I entered the literature world by translating Magical Realism genre. To be exact, Magical Realism of Latin America – Spanish literature world. I translated works of García Márquez – “100 years of solitude”, “Love in the time of Cholera” “In the evil hour” and “No one writes to colonel and other short stories. They can be categorized as Márquez’s genre. 

The second category is Surrealism, Psycho Thriller and Japanese Fiction. It has its own unique characteristics as well.  Of course, I like it. As a result, I like the works of Japanese writers Ryu Murakami and Haruki Murakami. For Haruki Murakami, I just translated only one of his books “The Wind-Up Bird Chronicle” because so many people have been translating his books. I decided to work on the books of Ryu Murakami, with whom Myanmar readers were not very familiar. In the Abstract-Postmodern and Metafiction category, there are Han Kang from Korea and Sayaka Murata from Japan. I translated one book each of them – “The Vegetarian” of the former and “Convenience Store Woman” of the latter. Those kinds of work can be categorized into Contemporary Literature with Modern and Postmodern styles.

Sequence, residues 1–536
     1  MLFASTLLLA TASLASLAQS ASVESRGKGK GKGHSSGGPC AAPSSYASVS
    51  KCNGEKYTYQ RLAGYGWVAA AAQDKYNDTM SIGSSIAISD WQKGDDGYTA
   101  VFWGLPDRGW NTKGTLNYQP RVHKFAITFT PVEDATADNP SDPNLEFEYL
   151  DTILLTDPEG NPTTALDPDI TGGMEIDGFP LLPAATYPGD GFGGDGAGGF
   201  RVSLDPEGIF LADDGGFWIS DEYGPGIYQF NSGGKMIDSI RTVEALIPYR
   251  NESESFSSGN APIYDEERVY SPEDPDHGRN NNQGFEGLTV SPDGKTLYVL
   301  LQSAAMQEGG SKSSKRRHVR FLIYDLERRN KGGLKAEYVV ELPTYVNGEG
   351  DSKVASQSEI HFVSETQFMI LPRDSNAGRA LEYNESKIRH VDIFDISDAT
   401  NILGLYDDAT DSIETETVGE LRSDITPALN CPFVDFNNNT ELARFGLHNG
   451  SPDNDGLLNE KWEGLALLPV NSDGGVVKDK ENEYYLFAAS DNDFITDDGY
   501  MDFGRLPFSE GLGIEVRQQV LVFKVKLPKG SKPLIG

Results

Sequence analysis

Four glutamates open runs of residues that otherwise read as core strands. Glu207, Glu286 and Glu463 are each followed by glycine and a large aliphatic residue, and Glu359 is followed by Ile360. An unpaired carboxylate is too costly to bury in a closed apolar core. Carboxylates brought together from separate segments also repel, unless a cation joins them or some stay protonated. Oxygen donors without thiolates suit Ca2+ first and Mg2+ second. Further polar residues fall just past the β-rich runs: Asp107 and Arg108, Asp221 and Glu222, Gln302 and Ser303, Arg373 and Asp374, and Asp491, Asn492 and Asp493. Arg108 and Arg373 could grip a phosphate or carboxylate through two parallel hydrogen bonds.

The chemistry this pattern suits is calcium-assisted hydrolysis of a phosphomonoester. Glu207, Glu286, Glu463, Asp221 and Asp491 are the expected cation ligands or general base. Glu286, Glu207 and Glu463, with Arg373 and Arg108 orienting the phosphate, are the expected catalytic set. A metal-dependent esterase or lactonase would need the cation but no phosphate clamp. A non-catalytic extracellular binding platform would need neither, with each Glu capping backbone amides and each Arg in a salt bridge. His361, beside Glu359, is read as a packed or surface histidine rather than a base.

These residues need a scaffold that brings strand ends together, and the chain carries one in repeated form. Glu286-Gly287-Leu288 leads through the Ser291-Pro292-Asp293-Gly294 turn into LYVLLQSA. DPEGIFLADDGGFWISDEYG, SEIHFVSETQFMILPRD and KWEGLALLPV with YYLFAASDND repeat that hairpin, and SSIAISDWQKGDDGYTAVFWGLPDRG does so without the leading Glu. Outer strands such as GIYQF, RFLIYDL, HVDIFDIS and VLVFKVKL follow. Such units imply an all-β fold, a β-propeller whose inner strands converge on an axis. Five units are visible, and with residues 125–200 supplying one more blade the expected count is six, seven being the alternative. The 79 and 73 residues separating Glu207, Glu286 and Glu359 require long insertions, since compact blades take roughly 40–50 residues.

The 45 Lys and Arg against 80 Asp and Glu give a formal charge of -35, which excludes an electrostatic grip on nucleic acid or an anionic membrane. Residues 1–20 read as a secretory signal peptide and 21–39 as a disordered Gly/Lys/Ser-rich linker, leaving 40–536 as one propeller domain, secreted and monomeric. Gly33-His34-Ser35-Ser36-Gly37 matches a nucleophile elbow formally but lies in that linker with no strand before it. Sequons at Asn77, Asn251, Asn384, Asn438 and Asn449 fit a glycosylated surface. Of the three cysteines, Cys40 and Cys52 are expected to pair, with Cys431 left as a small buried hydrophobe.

The third is the works of Jonas Jonasson from Sweden. They belong to Political Satire which I love most. When NDSP Publishing house made a contractual agreement with Jonas and his agent for translation rights, they gave us unconditionally full rights to translate all of Jonas’s books which even include the permission to translate upcoming books in future. 

The other category is Romance and Modern Classic. I’ve worked on the trilogy of Jan-Philipp Sendker from Germany, who also gave me translation rights. That was quite special because the author himself met me and gave the rights to me personally.